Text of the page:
Thus it is conceivable that prazosin, possibly altering neural events involving different neurotransmitters in close neurons in PL or in distal neuron of areas connected with PL (e.g., NAc), directly or through trans-neuronal feedback, is able to trigger neuroplastic adaptations such those we observed here. Further study could possibly elucidate this point.
Present results can involve the action of different factors. NE transmission in prefrontal cortex is pivotal in acquisition of motivational properties of different classes of rewarding and aversive stimuli that spur NE release in this area (Ventura et al., 2005, 2007, 2008). Moreover, exposure to appetitive CS can induce prefrontal NE release and the magnitude of this release is positively related to the salience of the US during the training session (Mingote et al., 2004; Ventura et al., 2008). Note that increased prefrontal NE release leads to increase of DA release in the NAc and the paired prefrontal-accumbal catecholamine are crucial in attribution of motivational salience involving highly salient USs (Darracq et al., 1998; Ventura et al., 2003, 2005, 2007).
Therefore, we hypothesize that repeated exposure to the environment paired with Amph was able to increase NE levels in mPFC in control (vehicle) animals, and that this increase contributed to maintain the motivational properties of CS fostering drug-seeking behavior. Conversely, acute intra-PL prazosin blocked the effects of NE release on α1-ARs in animals exposed to Amph conditioned environment. This resulted in blunting the motivational properties of CS and reducing the persistence of CPP in following days, supported by neuroplasticity processes as those observed in the NAc. Moreover, it is well known that repeated non-reinforced exposure to the CS reduces the CR leading to its extinction (Pavlov, 1927; Berman et al., 2003). Accordingly, extinction is conceptualized as a new context-dependent learning that competes with the original learning to control motivation and behavior (Bouton, 2004; McNally, 2014). Therefore, during extinction trials, the original association (Amph-CS) could have undergone a substantial reduction of salience under prazosin action, due to the antagonist-induced impairment of prelimbic NE transmission following exposure to the CS.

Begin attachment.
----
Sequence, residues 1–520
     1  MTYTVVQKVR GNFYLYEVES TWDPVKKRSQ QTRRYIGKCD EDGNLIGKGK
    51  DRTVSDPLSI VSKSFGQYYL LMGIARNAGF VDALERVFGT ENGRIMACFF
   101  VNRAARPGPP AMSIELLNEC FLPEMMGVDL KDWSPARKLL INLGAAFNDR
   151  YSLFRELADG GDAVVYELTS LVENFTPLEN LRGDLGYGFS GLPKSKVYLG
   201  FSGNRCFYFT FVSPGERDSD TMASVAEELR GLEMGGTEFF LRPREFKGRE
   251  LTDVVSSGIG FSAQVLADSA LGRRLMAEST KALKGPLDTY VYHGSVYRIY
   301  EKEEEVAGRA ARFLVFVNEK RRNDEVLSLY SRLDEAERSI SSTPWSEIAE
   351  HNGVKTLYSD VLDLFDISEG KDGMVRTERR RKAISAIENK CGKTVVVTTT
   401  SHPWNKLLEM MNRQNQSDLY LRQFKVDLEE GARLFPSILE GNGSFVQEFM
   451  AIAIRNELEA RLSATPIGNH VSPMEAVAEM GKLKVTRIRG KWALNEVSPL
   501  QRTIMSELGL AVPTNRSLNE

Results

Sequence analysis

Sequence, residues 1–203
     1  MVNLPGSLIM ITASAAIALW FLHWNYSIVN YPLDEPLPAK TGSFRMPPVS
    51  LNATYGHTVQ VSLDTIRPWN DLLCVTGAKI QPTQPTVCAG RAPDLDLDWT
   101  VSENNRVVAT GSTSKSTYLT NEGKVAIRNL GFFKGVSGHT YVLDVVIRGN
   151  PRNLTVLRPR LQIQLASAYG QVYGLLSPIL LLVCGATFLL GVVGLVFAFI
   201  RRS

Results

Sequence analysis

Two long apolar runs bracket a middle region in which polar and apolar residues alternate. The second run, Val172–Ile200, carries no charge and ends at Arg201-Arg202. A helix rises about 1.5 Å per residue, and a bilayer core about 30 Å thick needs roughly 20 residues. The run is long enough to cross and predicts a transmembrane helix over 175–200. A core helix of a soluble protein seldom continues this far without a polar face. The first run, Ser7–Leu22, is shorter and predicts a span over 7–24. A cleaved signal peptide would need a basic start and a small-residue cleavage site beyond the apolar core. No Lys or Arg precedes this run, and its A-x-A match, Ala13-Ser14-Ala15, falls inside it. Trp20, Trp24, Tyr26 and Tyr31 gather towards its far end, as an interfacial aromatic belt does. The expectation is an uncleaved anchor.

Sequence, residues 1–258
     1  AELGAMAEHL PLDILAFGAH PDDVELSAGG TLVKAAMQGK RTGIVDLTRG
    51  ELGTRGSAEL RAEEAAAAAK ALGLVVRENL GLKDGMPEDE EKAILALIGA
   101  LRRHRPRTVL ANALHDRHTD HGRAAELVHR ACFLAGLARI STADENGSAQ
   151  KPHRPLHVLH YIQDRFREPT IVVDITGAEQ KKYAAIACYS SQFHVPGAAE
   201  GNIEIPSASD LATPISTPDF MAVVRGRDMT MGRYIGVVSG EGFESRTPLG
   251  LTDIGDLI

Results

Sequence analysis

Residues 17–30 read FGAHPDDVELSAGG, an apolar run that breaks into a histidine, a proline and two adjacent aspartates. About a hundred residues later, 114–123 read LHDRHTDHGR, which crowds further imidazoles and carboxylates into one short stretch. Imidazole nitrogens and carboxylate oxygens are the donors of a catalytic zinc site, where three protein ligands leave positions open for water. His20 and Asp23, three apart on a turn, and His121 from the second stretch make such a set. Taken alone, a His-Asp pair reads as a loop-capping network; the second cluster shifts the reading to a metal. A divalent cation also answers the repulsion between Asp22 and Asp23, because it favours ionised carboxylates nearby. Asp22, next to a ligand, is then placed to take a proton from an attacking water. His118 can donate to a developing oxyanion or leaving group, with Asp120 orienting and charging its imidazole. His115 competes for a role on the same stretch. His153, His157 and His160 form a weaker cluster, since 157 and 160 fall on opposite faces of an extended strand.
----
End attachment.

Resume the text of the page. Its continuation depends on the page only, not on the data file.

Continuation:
Our results point to neuroplasticity effects in NAc, suggesting a prefrontal-accumbal modulation of CS related motivational salience. These effects may be due to prazosin blockade of activation of postsynaptic Gq-coupled α1-ARs and PKC that have been shown to inhibit persistent activity of prefrontal pyramidal neurons (Birnbaum et al., 2004), Therefore, it can be hypothesized that prazosin in PL increases the activity of pyramidal neurons in this area counteracting the hypoactivity of mPFC possibly induced by both Amph administration and conditioned NE release and thus sustaining the inhibitory control over drug-seeking, a view that needs further study to be ascertained.
In addition to this, a possible interplay between PL and IL should be taken into account. Indeed, we have recently shown that NE transmission modulates extinction of Amph-induced CPP through a balance between PL and IL (Latagliata et al., 2016). Therefore, exposure to Amph-paired environment in intra-PL prazosin animals could have shifted the weight of NE in favor of the IL, thus fostering the emergence of extinction trace that would prevail in modulating behavioral outcome. Further experiments could elucidate this point. However, it is worth noting that we observed here changes in BDNF and PSD-95 expression in both accumbal subregions core and shell that are well known to be involved in motivation and in extinction also due to their connections with PL and IL (Bouton, 2004; Miller and Marshall, 2004; Kalivas et al., 2005; Peters et al., 2009; Martín-García et al., 2014; McNally, 2014). Thus, it may be that prefrontal driven modulation of NAc core and shell, resulting in BDNF and PSD-95 expression, promote extinction of US-CS association and/or blunt motivational salience of CS respectively.